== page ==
Severity assessment in maximally treated ICH patients: The max-ICH score.

Sembill, Jochen A; Gerner, Stefan T; Volbers, Bastian; Bobinger, Tobias; Lücking, Hannes; Kloska, Stephan P; Schwab, Stefan; Huttner, Hagen B; Kuramatsu, Joji B (2017). Severity assessment in maximally treated ICH patients: The max-ICH score. Neurology, 89(5), pp. 423-431. Lippincott Williams & Wilkins 10.1212/WNL.0000000000004174

[img]
Preview
Text
423.full.pdf - Published Version
Available under License Publisher holds Copyright.

Download (675kB) | Preview

OBJECTIVE As common prognostication models in intracerebral hemorrhage (ICH) are developed variably including patients with early (<24 hours) care limitations (ECL), we investigated its interaction with prognostication in maximally treated patients and sought to provide a new unbiased severity assessment tool. METHODS This observational cohort study analyzed consecutive ICH patients (n = 583) from a prospective registry over 5 years. We characterized the influence of ECL on overall outcome by propensity score matching and on conventional prognostication using receiver operating characteristic analyses. We established the max-ICH score based on independent predictors of 12-month functional outcome in maximally treated patients and compared it to existing models. RESULTS Prevalence of ECL was 19.2% (n = 112/583) and all of these patients died. Yet propensity score matching displayed that 50.7% (n = 35/69) theoretically could have survived, with 18.8% (n = 13/69) possibly reaching favorable outcome (modified Rankin Scale score 0-3). Conventional prognostication seemed to be confounded by ECL, documented by a decreased predictive validity (area under the curve [AUC] 0.67, confidence interval [CI] 0.61-0.73 vs AUC 0.80, CI 0.76-0.83; p < 0.01), overestimating poor outcome (mortality by 44.8%, unfavorable outcome by 10.1%) in maximally treated patients. In these patients, the novel max-ICH score (0-10) integrates strength-adjusted predictors, i.e., NIH Stroke Scale score, age, intraventricular hemorrhage, anticoagulation, and ICH volume (lobar and nonlobar), demonstrating improved predictive accuracy for functional outcome (12 months: AUC 0.81, CI 0.77-0.85; p < 0.01). The max-ICH score may more accurately delineate potentials of aggressive care, showing favorable outcome in 45.4% (n = 214/471) and a long-term mortality rate of only 30.1% (n = 142/471). CONCLUSIONS Care limitations significantly influenced the validity of common prognostication models resulting in overestimation of poor outcome. The max-ICH score demonstrated increased predictive validity with minimized confounding by care limitations, making it a useful tool for severity assessment in ICH patients.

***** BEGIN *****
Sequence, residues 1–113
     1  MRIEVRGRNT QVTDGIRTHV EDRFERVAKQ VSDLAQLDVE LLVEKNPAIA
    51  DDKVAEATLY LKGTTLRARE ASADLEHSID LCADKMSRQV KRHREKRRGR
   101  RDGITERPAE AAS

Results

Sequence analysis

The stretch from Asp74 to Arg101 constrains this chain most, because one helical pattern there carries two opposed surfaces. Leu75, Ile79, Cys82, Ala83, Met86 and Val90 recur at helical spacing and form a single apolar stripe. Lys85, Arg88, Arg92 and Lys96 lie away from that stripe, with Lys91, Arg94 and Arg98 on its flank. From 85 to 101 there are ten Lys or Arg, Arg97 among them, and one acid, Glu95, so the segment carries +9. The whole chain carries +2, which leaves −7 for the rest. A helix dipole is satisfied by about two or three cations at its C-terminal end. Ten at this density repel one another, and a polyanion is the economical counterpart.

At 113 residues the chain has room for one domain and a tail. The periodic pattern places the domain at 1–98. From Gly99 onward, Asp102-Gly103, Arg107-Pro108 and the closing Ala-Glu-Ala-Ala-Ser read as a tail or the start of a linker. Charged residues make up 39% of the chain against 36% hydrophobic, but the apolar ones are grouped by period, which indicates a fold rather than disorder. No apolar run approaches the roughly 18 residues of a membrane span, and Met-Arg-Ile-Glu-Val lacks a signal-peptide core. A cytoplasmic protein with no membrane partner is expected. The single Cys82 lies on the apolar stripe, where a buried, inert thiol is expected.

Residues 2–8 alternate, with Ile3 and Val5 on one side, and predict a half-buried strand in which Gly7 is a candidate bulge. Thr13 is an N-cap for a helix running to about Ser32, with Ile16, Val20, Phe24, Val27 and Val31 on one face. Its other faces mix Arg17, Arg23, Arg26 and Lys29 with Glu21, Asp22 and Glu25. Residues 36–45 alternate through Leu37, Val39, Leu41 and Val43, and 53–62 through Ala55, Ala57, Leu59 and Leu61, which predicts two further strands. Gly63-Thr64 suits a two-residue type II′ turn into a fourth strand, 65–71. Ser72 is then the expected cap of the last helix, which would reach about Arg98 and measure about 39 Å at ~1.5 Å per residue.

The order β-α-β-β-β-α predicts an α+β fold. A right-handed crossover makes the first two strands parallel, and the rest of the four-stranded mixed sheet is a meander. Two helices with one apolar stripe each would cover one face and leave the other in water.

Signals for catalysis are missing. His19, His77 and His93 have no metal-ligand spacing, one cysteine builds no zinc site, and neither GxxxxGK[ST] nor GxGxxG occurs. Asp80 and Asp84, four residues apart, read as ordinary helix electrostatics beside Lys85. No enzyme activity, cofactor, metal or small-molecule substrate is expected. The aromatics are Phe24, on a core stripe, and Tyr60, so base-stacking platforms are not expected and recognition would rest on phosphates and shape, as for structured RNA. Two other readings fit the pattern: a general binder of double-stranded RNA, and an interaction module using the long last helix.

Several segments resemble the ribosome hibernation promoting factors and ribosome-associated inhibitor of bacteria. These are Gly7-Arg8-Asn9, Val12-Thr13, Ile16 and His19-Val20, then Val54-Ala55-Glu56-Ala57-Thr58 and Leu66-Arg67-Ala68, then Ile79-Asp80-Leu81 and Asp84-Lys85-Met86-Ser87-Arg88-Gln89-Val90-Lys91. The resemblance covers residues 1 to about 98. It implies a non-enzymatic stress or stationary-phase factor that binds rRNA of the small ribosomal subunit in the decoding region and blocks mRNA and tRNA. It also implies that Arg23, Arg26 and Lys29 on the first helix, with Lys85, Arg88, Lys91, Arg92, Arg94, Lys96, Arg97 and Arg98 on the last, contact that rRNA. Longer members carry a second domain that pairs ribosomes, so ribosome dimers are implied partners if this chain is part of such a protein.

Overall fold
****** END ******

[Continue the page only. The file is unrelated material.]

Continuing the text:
Item Type:

Journal Article (Original Article)

Division/Institute:

04 Faculty of Medicine > Department of Head Organs and Neurology (DKNS) > Clinic of Neurology

UniBE Contributor:

Volbers, Bastian

Subjects:

600 Technology > 610 Medicine & health

ISSN:

0028-3878

Publisher:

Lippincott Williams & Wilkins

Language:

English

Submitter:

Stefanie Hetzenecker

Date Deposited:

08 Mar 2018 16:21

Last Modified:

22 Oct 2019 18:23

Publisher DOI:

10.1212/WNL.0000000000004174

PubMed ID:

28679602

BORIS DOI:

10.7892/boris.111174

URI:

https://boris.unibe.ch/id/eprint/111174

Actions (login required)

Edit item Edit item
Provide Feedback